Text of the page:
Posted By: Joan Laughlin (email)
Date: 10/11/2004 at 10:18:15
Newspaper clipping, source unknown (The Des Moines Register?):
"Representative E.P. Laughlin of Fremont county, introduced his first bill in the legislature Saturday. It is called a "Home Rule" road bill, and provides that the county and township boards in each county shall have entire control over the county and township roads and bridges without interference from the state highway commission in any way. It looks to us like a good bill and ought to pass. Now that the state highway commission has been given entire control of the primary or state roads it should relinquish any authority over the county roads."
Newspaper clipping, source unknown (The Des Moines Register?):
"Chief among the bills passed was one by Representative E.P. Laughlin (Dem.) of Fremont county. The bill reduces the road poll tax outside cities and towns from $4 to $3 a year, and carries a clause making it optional with the taxpayer as to whether he pays the tax in cash or in labor on the county roads.
If he chooses to pay his tax by working, he must spend two days on the road, unless he has a team, in which case payment could be made by one day's work."
Newspaper clipping, source unknown (The Shenandoah Evening Sentinel?):
"Hon. E.P. Laughlin of Imogene, representative from Fremont county, was in town Saturday and made our office an agreeable call. Mr. Laughlin was getting things in readiness to go up to Des Moines this week to attend the special session of the legislature. He had in 420 acres of corn and would lack but one day of finishing his husking before he left. To husk all this corn he had one husking machine and four teams and wagons with huskers, so he turned it out pretty fast. Two boys who are husking for him, the Crawford boys who used to live north of Malvern, in one day husked 200 bushels, husking with one team and wagon. Pretty good work for boys.
Mr. Laughlin raises nothing but white corn as it nearly always sells at a premium and the yield is just as good. He had some that made as high as eighty bushels per acre this year and the quality is good."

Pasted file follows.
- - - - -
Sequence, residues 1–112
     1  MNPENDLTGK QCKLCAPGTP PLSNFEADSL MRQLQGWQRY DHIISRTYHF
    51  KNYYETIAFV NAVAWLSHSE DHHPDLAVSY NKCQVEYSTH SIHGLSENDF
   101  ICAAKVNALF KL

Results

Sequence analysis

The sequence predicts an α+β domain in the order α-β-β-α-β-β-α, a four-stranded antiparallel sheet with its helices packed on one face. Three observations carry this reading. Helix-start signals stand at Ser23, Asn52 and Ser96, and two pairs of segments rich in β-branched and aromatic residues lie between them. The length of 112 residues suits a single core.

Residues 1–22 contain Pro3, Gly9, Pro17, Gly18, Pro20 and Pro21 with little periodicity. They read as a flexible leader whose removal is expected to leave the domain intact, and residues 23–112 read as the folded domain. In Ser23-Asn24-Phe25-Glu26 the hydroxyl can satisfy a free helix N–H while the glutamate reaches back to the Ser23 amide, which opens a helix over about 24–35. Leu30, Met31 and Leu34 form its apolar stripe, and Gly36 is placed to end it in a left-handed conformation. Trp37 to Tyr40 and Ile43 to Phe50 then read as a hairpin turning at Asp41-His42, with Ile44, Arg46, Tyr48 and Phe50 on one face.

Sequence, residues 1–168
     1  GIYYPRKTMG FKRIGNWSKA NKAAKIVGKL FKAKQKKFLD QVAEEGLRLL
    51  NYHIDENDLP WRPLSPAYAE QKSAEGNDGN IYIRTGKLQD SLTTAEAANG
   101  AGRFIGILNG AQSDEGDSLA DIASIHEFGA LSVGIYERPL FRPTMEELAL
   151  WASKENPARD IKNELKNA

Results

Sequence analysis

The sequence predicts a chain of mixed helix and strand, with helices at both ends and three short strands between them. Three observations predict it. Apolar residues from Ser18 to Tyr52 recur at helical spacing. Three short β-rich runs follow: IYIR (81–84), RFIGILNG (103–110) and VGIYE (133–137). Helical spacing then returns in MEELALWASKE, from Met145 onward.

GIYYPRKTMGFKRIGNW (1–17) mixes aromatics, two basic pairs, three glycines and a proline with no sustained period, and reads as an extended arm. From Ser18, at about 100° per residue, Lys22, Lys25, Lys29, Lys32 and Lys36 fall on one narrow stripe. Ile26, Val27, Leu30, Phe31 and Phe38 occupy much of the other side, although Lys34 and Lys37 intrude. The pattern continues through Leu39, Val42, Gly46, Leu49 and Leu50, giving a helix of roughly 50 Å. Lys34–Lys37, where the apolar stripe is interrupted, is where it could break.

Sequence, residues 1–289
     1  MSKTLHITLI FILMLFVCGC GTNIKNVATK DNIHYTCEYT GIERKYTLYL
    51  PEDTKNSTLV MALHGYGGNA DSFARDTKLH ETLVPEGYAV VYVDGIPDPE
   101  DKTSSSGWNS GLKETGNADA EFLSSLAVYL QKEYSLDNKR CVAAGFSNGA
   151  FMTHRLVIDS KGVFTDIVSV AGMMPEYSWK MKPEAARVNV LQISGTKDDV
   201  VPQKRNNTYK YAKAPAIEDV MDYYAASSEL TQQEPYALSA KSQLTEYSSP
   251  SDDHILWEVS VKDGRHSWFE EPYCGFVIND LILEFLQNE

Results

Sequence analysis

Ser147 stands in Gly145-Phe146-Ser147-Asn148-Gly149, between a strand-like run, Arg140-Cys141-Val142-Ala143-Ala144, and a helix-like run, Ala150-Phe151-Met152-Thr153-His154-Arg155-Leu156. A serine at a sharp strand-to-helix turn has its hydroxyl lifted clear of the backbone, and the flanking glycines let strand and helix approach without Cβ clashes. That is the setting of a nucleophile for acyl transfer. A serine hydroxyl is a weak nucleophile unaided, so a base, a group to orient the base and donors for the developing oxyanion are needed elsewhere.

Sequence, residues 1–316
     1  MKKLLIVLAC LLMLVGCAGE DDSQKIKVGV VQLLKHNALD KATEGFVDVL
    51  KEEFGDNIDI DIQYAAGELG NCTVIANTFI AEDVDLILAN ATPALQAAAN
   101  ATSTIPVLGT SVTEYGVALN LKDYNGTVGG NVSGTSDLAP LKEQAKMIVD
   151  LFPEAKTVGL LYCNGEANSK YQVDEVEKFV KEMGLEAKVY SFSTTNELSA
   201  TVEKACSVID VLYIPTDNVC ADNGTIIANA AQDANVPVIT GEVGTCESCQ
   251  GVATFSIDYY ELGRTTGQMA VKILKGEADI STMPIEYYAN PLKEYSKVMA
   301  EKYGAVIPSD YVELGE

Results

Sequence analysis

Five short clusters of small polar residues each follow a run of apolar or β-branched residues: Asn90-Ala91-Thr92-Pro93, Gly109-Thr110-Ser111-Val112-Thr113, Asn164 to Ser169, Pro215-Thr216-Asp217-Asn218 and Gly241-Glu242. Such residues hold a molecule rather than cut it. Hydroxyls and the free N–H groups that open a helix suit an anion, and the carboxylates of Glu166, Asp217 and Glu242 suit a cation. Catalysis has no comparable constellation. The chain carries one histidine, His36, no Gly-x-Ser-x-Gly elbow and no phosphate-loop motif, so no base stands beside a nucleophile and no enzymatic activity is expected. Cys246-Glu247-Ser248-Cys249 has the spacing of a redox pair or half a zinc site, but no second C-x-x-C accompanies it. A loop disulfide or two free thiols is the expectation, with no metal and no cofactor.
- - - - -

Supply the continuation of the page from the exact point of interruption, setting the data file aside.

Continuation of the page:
From "Polled Cattle Progress Reports" September 1, 1955
46 Years of Breeding Polled Shorthorns
I started this herd of Polled Shorthorns in October, 1908. Fourty-six years of work and companionship with them is making this dispersion like the parting of old friends.
The loss of my wife last November, and with me having reached the age for retirement, makes this sale necessary (Feb. 18, 1955). My sons, Matt and Lou, will take over the farming and cattle raising. They each have a complete herd of Polled Shorthorns and the Laughlin name will be continued on Polled Shorthorn pedigrees. Our daughter and husband, Robert Jardon, raise purebred Holstein cattle. They also have a part of the farm.
The first cattle bought on Oct. 19, 1908, for the start of the herd, were from the herd of Wm. Barrans of Lenox, Iowa....Thieman's herd furnished us four top bulls. The present bull, Coronet Max Juggler 17th being the outstanding one. The house is filled with plaques, banners and ribbons won at fairs and shows the last few years....Lou is going to keep the old Juggler bull and take care of him for the good he has done us and the herd. You will hear from the Juggler's at Fairs and shows for years. The old farm of about 800 acres has improved in fertility from year to year by the carrying of a large herd of pure bred Polled Shorthorns. Now that the public is fertilizer conscious, the benefits to a farm of a good herd of cattle are appreciated. They make the land better. We have had the pleasure of seeing cattle bred by us going to the British Isles, as well as to buyers in Venezula. Our cattle have also made good records in herds in practically every section of the United States.